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Unpacking Culture: Art and Commodity in Colonial and Postcolonial Worlds Paperback – Jan 30 1999


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"An outstanding set of studies that work well with each other to produce truly substantial and rich insights into the making and consuming of art in the colonial and post-colonial world."—Susan S. Bean, Curator, Peabody Essex Museum

About the Author

Ruth B. Phillips is Director of the Museum of Anthropology and Professor of Art History and Anthropology at the University of British Columbia. She is the author of Representing Women: Sande Masquerade of the Mende of Sierra Leone (1990) and Trading Identities: Native Art and the Souvenir in Northeastern North America, 1700-1900 (1998). Christopher B. Steiner is Lucy C. McDannel '22 Associate Professor of Art History and Director of Museum Studies at Connecticut College. He is the author of African Art in Transit (1994) and coeditor of Perspectives on Africa: A Reader in Culture, History, and Representation (1997).

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Charles Mackay's 1859 travel book, like those of other contemporary visitors to North America, contains a description of his trip to Quebec City, the "picturesque" Montmorency Falls, and the nearby village of Lorette. Read the first page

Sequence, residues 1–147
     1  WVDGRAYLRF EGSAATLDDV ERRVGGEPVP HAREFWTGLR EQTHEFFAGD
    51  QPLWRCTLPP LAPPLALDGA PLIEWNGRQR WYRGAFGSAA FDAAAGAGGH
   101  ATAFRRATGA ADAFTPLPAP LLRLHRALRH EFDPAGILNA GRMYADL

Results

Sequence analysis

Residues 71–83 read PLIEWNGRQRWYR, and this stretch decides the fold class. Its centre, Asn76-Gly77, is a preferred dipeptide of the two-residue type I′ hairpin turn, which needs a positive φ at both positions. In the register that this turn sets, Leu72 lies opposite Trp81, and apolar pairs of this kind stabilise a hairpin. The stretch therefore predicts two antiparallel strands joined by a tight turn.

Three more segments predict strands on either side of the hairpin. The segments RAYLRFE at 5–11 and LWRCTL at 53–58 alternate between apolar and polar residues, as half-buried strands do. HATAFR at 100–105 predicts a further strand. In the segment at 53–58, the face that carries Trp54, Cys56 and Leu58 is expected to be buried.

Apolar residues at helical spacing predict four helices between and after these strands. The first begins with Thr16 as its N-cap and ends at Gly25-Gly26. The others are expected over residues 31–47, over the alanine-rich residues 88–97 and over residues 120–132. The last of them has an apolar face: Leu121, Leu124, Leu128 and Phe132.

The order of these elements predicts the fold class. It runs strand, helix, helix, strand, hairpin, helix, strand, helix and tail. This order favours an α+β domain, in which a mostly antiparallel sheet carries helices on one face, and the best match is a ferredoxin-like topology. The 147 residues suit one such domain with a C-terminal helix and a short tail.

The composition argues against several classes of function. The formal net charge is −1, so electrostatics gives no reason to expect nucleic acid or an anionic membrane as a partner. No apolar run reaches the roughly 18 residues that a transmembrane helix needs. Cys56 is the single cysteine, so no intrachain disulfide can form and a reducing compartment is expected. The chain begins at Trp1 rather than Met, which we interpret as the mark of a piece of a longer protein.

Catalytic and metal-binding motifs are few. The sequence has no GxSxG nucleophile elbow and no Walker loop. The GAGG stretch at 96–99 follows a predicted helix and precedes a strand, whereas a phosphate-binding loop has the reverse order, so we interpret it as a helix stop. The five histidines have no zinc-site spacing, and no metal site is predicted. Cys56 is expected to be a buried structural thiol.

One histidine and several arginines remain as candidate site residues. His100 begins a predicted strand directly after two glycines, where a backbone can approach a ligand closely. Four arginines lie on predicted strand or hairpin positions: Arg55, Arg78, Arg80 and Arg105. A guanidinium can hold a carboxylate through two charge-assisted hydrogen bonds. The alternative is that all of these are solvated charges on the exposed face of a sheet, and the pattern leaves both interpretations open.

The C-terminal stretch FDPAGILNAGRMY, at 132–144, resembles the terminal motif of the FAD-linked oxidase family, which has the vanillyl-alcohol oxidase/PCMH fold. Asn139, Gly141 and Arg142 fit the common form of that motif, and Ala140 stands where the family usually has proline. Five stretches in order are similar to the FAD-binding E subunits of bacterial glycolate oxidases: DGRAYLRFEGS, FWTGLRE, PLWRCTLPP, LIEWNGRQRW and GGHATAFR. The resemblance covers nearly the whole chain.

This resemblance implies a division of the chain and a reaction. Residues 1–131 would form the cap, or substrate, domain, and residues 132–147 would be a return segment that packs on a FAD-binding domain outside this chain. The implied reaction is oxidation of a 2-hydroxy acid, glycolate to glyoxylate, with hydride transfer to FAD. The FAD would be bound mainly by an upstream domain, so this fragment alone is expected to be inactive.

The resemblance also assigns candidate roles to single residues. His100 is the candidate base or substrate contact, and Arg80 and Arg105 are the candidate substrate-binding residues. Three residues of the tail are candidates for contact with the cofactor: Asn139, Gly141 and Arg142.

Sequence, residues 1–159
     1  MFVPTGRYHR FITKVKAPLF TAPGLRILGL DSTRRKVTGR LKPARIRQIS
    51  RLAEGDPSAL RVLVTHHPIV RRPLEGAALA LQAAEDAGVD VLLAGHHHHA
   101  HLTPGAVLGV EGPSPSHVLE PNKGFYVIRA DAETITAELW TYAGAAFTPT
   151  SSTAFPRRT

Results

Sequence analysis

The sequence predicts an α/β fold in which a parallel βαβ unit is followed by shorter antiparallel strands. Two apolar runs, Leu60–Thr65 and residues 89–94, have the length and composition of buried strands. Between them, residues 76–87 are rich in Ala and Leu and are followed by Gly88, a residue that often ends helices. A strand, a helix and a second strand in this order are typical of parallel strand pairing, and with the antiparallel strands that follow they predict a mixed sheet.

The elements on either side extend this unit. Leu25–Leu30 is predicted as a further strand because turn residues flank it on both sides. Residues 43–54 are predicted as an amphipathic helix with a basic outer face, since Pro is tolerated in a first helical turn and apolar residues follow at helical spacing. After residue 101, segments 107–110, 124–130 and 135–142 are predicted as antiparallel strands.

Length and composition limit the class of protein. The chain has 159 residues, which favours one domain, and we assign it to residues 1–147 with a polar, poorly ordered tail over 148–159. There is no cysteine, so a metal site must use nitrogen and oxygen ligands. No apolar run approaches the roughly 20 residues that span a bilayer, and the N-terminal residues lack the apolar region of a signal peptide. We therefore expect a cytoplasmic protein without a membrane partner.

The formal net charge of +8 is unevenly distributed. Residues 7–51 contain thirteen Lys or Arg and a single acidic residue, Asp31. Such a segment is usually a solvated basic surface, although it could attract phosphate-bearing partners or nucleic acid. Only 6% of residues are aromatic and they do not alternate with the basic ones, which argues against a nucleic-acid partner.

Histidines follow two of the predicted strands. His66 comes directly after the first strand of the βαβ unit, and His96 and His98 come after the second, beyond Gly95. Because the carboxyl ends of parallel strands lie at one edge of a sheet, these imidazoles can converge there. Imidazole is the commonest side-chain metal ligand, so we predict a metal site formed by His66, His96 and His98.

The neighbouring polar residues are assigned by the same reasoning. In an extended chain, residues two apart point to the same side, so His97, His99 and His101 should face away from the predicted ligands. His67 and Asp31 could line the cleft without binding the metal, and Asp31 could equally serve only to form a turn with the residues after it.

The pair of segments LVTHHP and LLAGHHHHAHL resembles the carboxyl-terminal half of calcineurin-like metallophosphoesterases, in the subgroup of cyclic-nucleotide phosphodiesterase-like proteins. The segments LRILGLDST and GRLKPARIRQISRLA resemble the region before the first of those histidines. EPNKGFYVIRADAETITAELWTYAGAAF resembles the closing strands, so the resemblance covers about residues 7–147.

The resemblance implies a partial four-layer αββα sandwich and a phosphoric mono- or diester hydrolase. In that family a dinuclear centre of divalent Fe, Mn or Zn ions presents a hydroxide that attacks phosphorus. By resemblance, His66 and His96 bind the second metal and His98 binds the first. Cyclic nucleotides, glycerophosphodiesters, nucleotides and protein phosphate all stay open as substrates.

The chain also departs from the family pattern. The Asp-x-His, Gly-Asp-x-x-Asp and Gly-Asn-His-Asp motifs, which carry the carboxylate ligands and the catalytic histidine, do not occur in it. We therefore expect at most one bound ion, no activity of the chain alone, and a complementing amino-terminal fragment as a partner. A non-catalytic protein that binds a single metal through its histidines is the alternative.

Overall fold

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1 of 1 people found the following review helpful
Great collection on ethnic art & culture Nov. 28 2011
By Frederic - Published on Amazon.com
Format: Paperback
Although originally published in 1999, this volume remains one of the best collections on commodified ethnic arts - that is to say, ethnic arts that have been commodified through tourism and collecting. The pieces were all produced for this volume (some initially for a conference, those supplemented by others solicited to broaden the scope of the published volume), and the selection, editing and production are excellent. After two introductory essays, the contents are divided into six sections: Constructing the Other: Production as Negotiation; Authenticity: The Problem of Mechanical Reproduction; Artistic Innovation and the Discourses of Identity; (Re)Fashioning Gender and Stereotype in Touristic Production; Collecting Culture and Cultures of Collecting; and Staging Tourist Art: Contexts for Cultural Conservation. Most chapters are illustrated, with B&W photographs that are well reproduced. The volume would be of interest for courses or individual reading in tourism and tourist arts, ethnic art, and the commodification of traditional cultures.

While North America is most strongly represented (Inuit, Karuk, Lakota, Pueblo, NWC, Huron), other areas include Sepik art of PNG, printed images from India, batak textiles of Indonesia, Samburu and Mangbetu arts from Africa, Chinese textiles, and Marquesan carvings and tapa cloth. While questions of authenticity and commodification are (unsurprisingly) central to most of the discussions, they do not overwhelm nor do they seem completely dated. One of my favorite pieces, "My Father's Business" by Frank Ettawageshik, provides a rarely available Native perspective on the trade.


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